Wednesday, April 19, 2006

You Can Go Your Own Way

Here's a question I pose in earnest: if you're an Iraqi Kurdish leader, does the current stalemate over the formation of a central government in Baghdad really concern you? Think about it. What do the Kurds stand to gain and lose from the emergence of a centralized government? From what I can tell, most potential outcomes that stem from the creation of such a government accrue to the negative side of the ledger, with the positives amounting to little by comparison. At least from the Kurdish perspective.

It is no secret that the Kurds have been diligently pursuing their own form of autonomy since the end of Gulf War I, enabled, largely, by the policing of the northern no-fly-zone by British and American forces. Throughout the political process in post-Saddam Iraq, the Kurds have resolutely pushed their agenda, deftly using their middle-man position between the Sunnis and the Shiites, and their coveted seats in the Iraqi parliament, to secure their interests. And their gains have been notable.

Kirkuk is slowly being ethnically "re-cleansed" - with Saddam's previous Arab imports being exported, and some legitimate, long standing Arabic/Turkmen Kirkuk residents getting the boot as well. Whether by some future local referendum in the re-cleansed Kirkuk, or by political deal between the Kurdish faction and the incoming government, oil-rich Kirkuk will likely be a part of Kurdistan going forward.

More importantly, the draft of the constitution that was ratified in the October referendum directly responds to the Kurds' most coveted objectives: (a) there is strong language regarding the legitimacy of semi-autonomous regions - with considerable power reserved for local capitals; (b) control over oil production will be largely regional and not centralized; and (c) each region's share of oil revenues will be determined using a vague formula accounting for an undefined amount of reparations for regions that suffered under the Baath regime, as well as increased portions for the regions that actually produce the oil.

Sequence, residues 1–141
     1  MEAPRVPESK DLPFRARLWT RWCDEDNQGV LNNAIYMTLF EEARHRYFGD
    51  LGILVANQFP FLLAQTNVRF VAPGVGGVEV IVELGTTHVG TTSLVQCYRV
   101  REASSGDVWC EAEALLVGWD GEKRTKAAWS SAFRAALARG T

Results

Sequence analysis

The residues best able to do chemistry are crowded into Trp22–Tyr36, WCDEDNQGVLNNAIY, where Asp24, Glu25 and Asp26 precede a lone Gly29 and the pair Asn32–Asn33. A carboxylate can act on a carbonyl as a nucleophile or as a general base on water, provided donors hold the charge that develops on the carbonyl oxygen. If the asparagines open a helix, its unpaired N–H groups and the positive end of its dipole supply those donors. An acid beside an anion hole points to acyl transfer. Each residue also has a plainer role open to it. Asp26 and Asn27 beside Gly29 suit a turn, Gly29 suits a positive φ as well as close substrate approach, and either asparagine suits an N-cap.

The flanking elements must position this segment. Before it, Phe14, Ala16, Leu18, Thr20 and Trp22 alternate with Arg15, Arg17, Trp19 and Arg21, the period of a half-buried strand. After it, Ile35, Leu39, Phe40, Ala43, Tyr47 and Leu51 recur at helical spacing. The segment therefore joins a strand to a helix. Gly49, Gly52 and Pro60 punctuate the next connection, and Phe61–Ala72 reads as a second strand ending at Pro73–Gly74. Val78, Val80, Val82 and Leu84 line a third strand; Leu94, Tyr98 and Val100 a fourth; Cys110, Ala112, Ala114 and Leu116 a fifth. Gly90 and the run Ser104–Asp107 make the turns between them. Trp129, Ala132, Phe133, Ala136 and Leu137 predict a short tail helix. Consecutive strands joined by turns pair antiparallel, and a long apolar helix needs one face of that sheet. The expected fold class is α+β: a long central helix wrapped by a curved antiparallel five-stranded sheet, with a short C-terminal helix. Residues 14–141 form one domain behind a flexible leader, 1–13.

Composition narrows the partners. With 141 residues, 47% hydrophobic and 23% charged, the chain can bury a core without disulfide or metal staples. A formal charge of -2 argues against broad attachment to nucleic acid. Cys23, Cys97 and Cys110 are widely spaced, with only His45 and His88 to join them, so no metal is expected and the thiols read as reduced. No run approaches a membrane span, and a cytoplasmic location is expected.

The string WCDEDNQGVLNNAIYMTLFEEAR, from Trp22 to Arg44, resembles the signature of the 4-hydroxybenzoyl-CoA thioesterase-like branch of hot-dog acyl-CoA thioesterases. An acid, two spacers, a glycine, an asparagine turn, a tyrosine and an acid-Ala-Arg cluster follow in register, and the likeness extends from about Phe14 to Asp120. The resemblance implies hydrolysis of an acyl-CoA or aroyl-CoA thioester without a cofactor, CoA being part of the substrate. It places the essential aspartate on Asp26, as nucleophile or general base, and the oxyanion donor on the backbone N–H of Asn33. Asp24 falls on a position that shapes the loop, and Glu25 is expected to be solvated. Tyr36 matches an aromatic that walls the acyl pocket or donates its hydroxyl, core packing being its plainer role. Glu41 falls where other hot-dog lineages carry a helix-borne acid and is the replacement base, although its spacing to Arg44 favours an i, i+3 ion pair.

Since most of the oil in Iraq resides in the Kurdish north and Shiite south (both regions that suffered greatly under Saddam), these provisions will create clear economic winners and losers in the new Iraq. Suffice it to say, the Sunnis - currently fueling the insurgencies - are none too pleased. And that is why I argued against ratification of this draft of the constitution way back in October of 2005. Inclusion of the Sunnis in the political process will require a constitution that better protects their interests and insures them a share of the country's economic spoils. Without such a pact, they have greater incentive to keep fighting.

In response to this dilemma, there was an eleventh hour deal forged by the various factions at the behest of Zal Khalilzad prior to the ratification of the constitution in October that ensured that a constitution-amending committee would be enpaneled by the new government after the December elections. This committee would be charged with the task of making non-binding recommendations for amending the current draft. Nevertheless, after the UIA's victory in those elections was secured, SCIRI's leader, Abdul Azziz al-Hakim, announced that there would be no significant changes to the constitution. Hakim and SCIRI are squarely behind the regional autonomy structure - which is one of the reasons the Kurds would prefer a prime minister from SCIRI over Dawa's Jaafari who is not as committed to this principle.

From the Kurdish perspective, a government headed by SCIRI would be decent in terms of preserving key elements of the constitution. But no government at all would be even better - for reasons that extend beyond the constitution. Without such a central government, there would be no possibility for amendment of the constitution to accommodate the Sunnis, no potential resolution of the Kirkuk issue to the detriment of Kurdish designs, no nationalization of armed forces and dismantling of the pesh merga and other militias and none of the other myriad encroachments on Kurdish autonomy that would be made possible by a new central government.